What’s in a name? Plenty, if you’re trying to create brand awareness and nurture that association over the years (decades, if you’re lucky). Calvin Ayre loves to tell the story of all the work that went into his choice of the name Bodog back in the day. Must have been worth it, because he seems pretty content not to mess with success.
The same conventions don’t seem to matter much in the land-based casino world, at least, not when it comes to the names of their parent companies. MGM Mirage, which was created when MGM Grand acquired Mirage Resorts, recently renamed itself MGM Resorts International. Las Vegas Sands CEO Sheldon Adelson is contemplating shedding the ‘Las Vegas’ part to better reflect the growing importance of Asia to the company’s bottom line.
But the phenomenon is not new – in 1999, Circus Circus opted to become Mandalay Resort Group. In 2004, Caesars Entertainment was unveiled as the new name of Park Place Entertainment, but the Caesars name was retired when Harrah’s Entertainment acquired the company not long after. Now, pending regulatory approval, Harrah’s will become Caesars Entertainment Corp, because, in the words of CEO Gary Loveman, that moniker better reflects their ‘evolution into a full-service entertainment company’. We always thought evolution meant continually moving forward, not reaching back in time to a name you thought you’d outgrown. At this rate, they’ll be back to Park Place by 2015.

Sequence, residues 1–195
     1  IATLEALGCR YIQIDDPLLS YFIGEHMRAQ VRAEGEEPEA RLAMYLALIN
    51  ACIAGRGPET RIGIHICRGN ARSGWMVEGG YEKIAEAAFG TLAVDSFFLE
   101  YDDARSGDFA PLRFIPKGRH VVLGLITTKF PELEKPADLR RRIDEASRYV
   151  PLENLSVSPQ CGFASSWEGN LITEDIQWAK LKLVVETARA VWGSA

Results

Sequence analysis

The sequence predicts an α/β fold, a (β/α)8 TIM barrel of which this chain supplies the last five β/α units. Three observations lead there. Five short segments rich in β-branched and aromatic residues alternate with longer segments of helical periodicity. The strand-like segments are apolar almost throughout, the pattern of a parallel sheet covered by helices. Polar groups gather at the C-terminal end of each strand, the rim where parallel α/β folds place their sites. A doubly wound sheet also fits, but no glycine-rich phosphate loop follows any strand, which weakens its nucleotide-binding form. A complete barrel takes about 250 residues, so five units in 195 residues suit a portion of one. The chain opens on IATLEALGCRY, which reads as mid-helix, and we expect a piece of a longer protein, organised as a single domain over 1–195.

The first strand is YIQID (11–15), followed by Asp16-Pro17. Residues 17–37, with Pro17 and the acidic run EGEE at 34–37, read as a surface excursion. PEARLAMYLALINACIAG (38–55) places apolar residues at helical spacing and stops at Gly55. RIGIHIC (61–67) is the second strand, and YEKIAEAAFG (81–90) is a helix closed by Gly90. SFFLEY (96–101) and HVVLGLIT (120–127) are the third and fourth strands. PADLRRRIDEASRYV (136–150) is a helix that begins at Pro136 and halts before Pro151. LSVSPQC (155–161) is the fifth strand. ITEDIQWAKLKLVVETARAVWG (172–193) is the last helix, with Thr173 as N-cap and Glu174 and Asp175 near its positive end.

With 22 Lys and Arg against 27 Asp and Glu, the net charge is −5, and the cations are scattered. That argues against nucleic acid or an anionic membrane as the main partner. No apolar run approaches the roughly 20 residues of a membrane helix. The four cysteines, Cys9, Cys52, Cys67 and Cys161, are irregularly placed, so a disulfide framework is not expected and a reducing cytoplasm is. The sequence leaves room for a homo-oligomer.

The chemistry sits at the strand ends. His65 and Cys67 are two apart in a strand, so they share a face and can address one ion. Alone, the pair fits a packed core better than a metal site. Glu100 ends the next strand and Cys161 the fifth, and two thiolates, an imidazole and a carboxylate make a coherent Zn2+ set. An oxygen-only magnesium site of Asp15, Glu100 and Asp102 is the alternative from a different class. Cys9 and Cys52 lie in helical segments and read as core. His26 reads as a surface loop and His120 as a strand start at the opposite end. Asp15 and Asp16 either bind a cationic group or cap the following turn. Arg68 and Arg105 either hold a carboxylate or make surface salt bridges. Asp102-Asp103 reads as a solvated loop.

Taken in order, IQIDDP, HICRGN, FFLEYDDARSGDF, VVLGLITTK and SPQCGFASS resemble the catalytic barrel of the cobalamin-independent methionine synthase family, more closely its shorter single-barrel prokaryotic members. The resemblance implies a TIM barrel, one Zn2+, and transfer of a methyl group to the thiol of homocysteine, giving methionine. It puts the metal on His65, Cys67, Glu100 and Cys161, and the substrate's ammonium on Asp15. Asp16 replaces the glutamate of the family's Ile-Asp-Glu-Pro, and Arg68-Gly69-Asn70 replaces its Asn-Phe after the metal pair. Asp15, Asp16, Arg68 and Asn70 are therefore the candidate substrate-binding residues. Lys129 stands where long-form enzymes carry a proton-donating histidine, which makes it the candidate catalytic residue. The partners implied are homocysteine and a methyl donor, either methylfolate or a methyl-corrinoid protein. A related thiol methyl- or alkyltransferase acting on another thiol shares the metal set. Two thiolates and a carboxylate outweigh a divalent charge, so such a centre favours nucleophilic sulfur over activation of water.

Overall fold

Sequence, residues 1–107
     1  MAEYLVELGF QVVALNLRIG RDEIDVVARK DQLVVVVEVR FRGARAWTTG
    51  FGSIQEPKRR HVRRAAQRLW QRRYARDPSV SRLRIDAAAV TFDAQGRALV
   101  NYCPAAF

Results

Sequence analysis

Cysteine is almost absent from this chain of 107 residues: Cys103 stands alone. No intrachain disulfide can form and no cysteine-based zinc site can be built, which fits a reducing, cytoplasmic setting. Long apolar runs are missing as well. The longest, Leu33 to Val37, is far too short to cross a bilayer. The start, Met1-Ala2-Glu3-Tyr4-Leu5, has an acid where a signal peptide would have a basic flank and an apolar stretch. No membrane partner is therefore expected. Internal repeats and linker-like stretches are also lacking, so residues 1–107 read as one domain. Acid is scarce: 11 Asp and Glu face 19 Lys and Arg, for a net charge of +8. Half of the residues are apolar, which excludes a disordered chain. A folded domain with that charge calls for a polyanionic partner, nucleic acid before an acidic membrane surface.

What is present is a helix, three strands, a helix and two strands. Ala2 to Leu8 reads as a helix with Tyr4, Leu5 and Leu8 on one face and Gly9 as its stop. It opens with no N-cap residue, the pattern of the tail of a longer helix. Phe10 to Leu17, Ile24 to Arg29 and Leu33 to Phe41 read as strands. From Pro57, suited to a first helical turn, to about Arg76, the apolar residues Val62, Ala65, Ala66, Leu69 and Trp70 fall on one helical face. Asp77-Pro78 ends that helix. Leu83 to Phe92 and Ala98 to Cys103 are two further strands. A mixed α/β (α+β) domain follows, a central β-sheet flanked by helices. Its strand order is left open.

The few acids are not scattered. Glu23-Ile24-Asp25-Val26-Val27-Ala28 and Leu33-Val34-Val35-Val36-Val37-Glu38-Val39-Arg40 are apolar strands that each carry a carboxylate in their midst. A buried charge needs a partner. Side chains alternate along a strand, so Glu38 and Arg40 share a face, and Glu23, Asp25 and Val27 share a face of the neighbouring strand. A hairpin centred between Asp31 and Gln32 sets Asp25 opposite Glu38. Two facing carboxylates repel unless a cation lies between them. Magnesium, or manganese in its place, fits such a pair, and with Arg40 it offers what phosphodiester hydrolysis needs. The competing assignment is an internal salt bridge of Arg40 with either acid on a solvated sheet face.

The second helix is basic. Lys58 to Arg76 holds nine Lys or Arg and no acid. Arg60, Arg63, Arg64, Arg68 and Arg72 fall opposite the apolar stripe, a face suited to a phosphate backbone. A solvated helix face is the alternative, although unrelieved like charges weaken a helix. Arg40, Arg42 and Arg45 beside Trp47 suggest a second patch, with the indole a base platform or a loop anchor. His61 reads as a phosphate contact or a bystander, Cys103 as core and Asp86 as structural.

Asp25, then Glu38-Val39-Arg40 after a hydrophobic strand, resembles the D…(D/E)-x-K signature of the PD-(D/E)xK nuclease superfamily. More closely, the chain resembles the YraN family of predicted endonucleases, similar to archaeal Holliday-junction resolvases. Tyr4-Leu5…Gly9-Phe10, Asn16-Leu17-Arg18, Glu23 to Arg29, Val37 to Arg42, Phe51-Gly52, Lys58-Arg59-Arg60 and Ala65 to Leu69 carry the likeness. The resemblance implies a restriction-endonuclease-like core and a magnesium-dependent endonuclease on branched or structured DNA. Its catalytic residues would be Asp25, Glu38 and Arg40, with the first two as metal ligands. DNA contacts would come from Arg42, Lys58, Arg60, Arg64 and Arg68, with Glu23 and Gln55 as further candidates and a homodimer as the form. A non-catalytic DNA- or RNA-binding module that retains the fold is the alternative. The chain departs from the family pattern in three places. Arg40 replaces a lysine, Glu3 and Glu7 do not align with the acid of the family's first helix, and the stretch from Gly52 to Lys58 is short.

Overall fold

It must be noted that most of these identity-switches have little or no impact among the general public, whose only concern lies with the name above the casino door, not the name adorning the corporate office. So why do it? Are these rebranding initiatives foisted onto CEO’s by the smooth talking modern day Don Drapers at PR and ad agencies? With all the work that gets shifted their way, it wouldn’t surprise us if the people who design and print corporate letterheads, business cards and promotional materials also played a role. But with each name change, we can’t help but wondering: Who are you?